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Legal Q & A Bad Checks and Cash Payments – by Franco Simone, Esq.

Posted on 01. Nov, 2017 by in all

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Q: My tenants have paid by personal check for the last year. I prefer for my tenants to pay in cash so I do not have to go to the bank. Can I demand that the tenant pay me in cash?A: No, you cannot demand the tenant pay you in cash solely because it is your preference.

Q: My tenant paid their rent with a personal check for October’s rent. A few days later when I tried to cash their rent check, the teller told me that there were insufficient funds. What do I have to do to demand the tenant pay the rent in cash?
A: When a tenant pays you with a dishonored check you can demand a cash payment for the following three months from the date the check was dishonored if your lease or rental agreement provides for cash payment. In order to demand a cash payment, you must serve the tenant with a notice in writing and provide a copy of the dishonored check.  [See AOA’s form #138 – Notice for Rent to be Paid in Cash Only.] 

If your lease or rental agreement does not address dishonored checks, then you are required to provide and serve the tenant with a thirty-day notice of change in terms of tenancy for the notice to become effective.  For example, on October 1st your tenant gives you a rent check, on October 8th you try to cash the check and you cannot because of insufficient funds. Your lease does not address how to deal with dishonored checks so on October 9th you give the tenant a thirty-day notice stating the check was dishonored and the tenant must pay the rent in cash for the next three months along with a copy of the check.  In this situation, the tenant could still pay their November rent by check because the 30 days has not expired. The tenant would have to pay the rent for December, January, and February in cash.

Q: My tenant wrote me a bad check for the first time this month. I want him to pay in cash for the next three months and charge him a $75 dishonored check fee. Can I charge him the $75 dishonored check fee?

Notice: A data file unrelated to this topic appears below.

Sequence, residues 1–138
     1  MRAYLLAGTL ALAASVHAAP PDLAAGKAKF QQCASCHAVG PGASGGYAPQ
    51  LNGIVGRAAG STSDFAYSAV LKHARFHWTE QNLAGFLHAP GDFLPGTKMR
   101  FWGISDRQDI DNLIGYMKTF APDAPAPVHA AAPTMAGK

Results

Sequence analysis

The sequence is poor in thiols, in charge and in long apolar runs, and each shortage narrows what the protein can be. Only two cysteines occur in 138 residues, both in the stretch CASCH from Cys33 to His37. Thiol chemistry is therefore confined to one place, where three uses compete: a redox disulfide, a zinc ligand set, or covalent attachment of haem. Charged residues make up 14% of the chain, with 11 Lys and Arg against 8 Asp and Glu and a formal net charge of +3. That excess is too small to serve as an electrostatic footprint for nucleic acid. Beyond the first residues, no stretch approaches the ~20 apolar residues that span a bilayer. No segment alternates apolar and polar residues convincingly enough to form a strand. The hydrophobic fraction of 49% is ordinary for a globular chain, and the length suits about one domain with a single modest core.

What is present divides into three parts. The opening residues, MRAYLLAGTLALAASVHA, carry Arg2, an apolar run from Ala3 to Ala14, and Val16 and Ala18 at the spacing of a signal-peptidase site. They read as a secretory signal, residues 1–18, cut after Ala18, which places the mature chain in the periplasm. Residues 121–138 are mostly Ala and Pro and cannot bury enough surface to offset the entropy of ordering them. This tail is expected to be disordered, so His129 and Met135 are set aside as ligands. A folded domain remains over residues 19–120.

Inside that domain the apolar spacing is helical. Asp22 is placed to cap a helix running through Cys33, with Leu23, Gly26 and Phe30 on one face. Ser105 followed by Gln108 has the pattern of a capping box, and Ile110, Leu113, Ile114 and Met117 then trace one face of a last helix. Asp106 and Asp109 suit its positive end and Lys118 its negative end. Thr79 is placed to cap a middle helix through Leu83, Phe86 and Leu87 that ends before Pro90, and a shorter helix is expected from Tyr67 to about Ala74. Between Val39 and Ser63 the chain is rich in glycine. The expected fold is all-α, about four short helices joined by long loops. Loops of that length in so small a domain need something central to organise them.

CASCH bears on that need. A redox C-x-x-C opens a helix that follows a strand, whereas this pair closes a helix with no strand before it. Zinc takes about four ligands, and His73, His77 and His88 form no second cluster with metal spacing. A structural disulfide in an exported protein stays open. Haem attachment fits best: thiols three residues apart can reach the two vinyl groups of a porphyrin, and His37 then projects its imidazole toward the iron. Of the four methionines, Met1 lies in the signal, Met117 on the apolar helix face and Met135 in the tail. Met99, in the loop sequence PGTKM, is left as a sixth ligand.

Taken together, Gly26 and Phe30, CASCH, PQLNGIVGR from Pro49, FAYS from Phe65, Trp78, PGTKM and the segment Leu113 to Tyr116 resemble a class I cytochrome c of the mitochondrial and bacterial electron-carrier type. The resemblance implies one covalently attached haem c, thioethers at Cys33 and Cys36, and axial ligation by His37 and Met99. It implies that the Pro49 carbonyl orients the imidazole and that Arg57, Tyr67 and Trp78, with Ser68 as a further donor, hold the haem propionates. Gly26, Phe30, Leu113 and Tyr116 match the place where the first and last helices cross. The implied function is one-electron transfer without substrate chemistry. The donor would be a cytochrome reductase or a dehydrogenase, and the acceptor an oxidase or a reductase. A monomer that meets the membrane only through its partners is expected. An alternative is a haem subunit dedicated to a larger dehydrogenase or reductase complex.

A: No, you cannot charge him a $75 dishonored check fee.  Your lease or rental agreement must state that you can charge a returned check fee, and the agreed upon fee must be reasonable, before you can charge the tenant the fee. A $75 dishonored check fee may be deemed unreasonable since agreed upon fees are usually based on a reasonable estimate of costs the landlord will accrue as a result of a late payment. A reasonable amount would be the amount that the bank charges for a returned check plus the costs to the landlord because of the late payment.

In California there is a bad check statute that governs the amount that can be charged for a returned check in a rental agreement or lease. The statute allows landlords to collect a service charge instead of the dishonored check fee. Since this is the tenant’s first instance of writing a “bad” check, you can charge them up to $25 as a service charge, and $35 for each subsequent dishonored check. [FS1]

Q: My tenant pays her rent every month in cash on the first day of the month. This month, she asked me for a rent receipt. Do I have to give her a rent receipt?
A: Yes, legally you are required to give the tenant a written receipt upon receiving the monthly rent. The receipt should include the tenant’s name, address, date rent was received, amount of rent paid, type of payment and the outstanding rent owed if any. Further, in addition to providing your tenant with receipts for payments received, you should also keep an updated ledger of all rent payments received.  Both the receipts and the ledger can be useful evidence in any future disputes you may have with your tenant about payment of rent.

 

Attorney Franco Simone, of Simone & Associates and The Landlords’ Legal Center has been doing evictions for over 20 years.  He is also an adjunct law professor at the University of San Diego.  Mr. Simone’s office is open Monday – Friday from 9:00 AM to 5:00 PM.  Tel: 619-235-6180, website: www.landlordslegalcenter.com or email info@simonelawfirm.com.


 [FS1]I didn’t even know about this.